Ivy Conduit House: Here's another of the Coombe Hill Conduits, this one in a particularly unlikely location. I was a little uncertain I was in the right place to begin with, there being no telltale pink balloons tied to the gatepost, and one doesn't like to wander into a private girls' prep school uninvited. But the groundsman was sitting at a desk on the rear terrace waiting to welcome visitors, and directed me down to the bottom of the school grounds past the new Sports and Performing Arts Centre. And across the infants' playground. And, er, through the gate into the netball court. Really? Ah yes, there on the other side were the stunted remains of the Ivy Conduit, again doodlebug-damaged, looking like an arched grotto set into the hillside. Apparently it was a grotto once, when this was Coombe Leigh House and owned by the author John Galsworthy. He didn't realise he had an ancient water-supply monument in his back garden, or he didn't care, and adapted the structure somewhat for ornamental ends. At least it survived, as did his grand Victorian residence (although I can't say I spotted any John Galsworthy in the school library, only a lot of books about ponies).
Lovekyn Chapel: Have you seen that mini-church-like building on the corner where London Road becomes Old London Road? I've been inside. It's the Lovekyn Chapel, built 700 years ago so that priests could pray daily for the deceased Lovekyn family forever and hereafter. It's the only remaining free-standing Chantry Chapel in the country, and the oldest intact building in the whole of Kingston borough. It's now part of a school, Kingston Grammar, although it seems inconceivable that this one small room could once have been all they had. 100 years ago the school had grown and the chapel was its gymnasium, 25 years it had evolved into the woodwork room. More appropriately it's now used for sports and drama. And erm, architecturally it's a bit dull inside, sorry.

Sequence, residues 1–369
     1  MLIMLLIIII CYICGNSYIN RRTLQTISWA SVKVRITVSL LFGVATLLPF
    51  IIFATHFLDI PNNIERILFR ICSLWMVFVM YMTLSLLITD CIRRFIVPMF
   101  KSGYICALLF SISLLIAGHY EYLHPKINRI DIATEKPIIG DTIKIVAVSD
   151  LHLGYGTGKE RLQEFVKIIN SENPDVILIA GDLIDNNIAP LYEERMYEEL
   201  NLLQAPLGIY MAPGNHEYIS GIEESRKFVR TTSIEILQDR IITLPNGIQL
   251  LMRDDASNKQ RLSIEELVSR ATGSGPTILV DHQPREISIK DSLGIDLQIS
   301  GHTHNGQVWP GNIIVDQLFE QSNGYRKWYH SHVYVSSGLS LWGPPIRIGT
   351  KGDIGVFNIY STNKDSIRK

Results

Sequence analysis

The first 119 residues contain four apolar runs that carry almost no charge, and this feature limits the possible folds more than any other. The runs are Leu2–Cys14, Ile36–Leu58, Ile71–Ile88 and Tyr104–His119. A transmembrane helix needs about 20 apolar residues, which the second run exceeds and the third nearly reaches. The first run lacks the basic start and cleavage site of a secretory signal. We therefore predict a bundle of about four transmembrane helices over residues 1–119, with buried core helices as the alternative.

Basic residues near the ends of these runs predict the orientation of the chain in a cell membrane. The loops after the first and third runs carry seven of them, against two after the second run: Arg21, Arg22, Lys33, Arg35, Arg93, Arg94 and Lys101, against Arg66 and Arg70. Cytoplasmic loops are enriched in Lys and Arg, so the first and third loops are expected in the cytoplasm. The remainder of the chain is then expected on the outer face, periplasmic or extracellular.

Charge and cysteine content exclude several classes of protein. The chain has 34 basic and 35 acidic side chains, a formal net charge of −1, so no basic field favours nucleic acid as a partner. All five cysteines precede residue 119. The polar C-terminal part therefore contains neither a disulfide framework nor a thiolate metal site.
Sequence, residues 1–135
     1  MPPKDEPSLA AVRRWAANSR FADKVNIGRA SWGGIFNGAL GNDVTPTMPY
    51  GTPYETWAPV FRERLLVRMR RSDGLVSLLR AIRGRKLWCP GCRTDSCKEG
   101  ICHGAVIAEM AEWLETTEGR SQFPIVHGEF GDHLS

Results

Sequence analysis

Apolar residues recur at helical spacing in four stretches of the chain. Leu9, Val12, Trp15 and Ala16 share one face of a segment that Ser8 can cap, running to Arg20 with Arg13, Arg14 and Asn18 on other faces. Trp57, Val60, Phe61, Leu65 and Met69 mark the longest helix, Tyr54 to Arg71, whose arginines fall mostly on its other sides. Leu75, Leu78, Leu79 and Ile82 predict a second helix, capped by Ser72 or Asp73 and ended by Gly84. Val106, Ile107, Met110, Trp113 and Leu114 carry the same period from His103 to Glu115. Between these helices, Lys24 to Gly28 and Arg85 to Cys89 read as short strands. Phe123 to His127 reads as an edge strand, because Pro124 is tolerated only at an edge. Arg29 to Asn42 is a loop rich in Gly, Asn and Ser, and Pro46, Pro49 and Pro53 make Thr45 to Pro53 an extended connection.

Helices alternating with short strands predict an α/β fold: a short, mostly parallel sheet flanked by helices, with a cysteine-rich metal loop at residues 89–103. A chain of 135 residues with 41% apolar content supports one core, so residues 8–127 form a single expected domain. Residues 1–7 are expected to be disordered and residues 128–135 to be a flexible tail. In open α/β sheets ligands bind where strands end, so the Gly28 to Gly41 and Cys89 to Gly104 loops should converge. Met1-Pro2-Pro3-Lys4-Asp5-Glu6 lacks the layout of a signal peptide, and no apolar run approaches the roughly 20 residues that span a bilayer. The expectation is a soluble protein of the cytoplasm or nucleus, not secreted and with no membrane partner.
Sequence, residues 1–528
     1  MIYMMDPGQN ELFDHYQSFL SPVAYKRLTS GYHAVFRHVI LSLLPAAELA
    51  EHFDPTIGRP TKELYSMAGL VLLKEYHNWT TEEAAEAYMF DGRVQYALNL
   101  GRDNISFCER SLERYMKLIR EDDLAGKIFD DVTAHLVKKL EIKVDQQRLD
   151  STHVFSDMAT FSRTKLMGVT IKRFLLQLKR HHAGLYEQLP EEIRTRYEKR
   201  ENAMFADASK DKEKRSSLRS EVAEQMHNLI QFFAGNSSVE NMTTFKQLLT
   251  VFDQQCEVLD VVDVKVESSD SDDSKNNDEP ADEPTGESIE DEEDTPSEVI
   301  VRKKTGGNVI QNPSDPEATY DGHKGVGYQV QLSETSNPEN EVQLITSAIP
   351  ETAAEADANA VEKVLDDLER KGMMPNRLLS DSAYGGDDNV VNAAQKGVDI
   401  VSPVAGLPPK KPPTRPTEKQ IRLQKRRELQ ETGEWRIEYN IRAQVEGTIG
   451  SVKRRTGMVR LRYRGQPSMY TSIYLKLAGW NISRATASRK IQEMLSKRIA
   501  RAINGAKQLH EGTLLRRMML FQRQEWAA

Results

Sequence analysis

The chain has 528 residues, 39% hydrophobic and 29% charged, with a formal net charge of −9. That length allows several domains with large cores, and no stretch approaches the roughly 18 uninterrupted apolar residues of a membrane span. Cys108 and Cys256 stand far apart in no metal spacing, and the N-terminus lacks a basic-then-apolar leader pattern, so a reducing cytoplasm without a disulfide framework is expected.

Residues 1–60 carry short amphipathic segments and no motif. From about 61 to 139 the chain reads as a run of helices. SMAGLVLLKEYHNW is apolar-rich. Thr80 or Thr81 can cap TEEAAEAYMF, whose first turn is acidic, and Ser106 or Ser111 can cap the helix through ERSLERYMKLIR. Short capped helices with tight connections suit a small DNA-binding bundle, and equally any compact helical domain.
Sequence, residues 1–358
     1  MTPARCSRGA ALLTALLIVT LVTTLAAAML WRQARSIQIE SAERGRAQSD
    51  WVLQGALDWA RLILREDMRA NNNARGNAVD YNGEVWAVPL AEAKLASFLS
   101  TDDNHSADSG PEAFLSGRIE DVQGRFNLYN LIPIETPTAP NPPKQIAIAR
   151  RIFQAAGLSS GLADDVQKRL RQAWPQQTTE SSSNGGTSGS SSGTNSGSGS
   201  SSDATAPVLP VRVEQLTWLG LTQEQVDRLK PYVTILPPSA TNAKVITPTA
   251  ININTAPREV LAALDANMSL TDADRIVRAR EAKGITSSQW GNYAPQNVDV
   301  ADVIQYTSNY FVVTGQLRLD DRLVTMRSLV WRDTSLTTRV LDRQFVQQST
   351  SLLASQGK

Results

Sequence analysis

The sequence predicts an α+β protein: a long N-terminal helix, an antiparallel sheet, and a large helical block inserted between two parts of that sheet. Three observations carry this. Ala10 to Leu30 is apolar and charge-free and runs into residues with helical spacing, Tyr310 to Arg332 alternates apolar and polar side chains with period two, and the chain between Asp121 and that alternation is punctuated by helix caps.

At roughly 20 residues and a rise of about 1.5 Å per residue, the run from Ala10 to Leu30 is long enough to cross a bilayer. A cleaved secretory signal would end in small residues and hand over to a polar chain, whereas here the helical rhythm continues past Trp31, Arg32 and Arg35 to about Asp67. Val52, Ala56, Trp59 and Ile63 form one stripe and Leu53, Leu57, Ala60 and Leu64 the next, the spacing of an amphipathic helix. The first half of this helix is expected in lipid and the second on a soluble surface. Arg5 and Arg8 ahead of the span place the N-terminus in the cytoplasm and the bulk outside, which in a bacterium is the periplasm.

Kingston Bridge: The current Kingston Bridge is a 19th century arched construction. But there used to be a narrower span 30 yards downstream, the only bridge between here and Central London for more than 500 years. Its foundations were uncovered when Kingston's new John Lewis/Waitrose complex was being constructed in the 1980s, and duly conserved in the basement along with the cellar of a medieval pub. Walk along the riverside and you can see both by peering down through a window. But on Heritage Open Weekend the public are allowed in, and down, to get up close to two 12th century piers and a brickwork shell. They'd look a lot better without a department store on top of them, but it's good to see that massive retail redevelopment sometimes houses an unexpected treasure within.
Frederick W Paine: The strangest buildings open up during Heritage Open Days. Which is how I found myself entering a Grade II listed undertakers, a few feet away from Kingston's iconic toppled phonebox sculpture. The ladies at the desk by the door gave me a programme and outlined what there was to see, in exactly the same soft reassuring voice they must use when dealing with the recently bereaved. And then I was allowed to wander into, ooh, the arranging room and then, ah, the private chapel and then oh, another private chapel. The candles were burning, the box of Kleenex was primed, and standing here on a 'tour' seemed somehow very wrong. One larger room further round housed the Paine's museum, packed with funereal memorabilia and yellowing Edwardian ledgers, plus a member of staff willing to discuss the lot. I entered halfway through a conversation about recyclable coffins, so thought it best not to linger very long. And then (dearly) departed.
Kingston Tour Guides: If you've read this far, then you might be interested in taking the weekly guided tour organised most Sunday afternoons by the independent Kingston Tour Guides. You'll have to pay, but they're very good, and you could have taken one for free yesterday. Viva Kingston.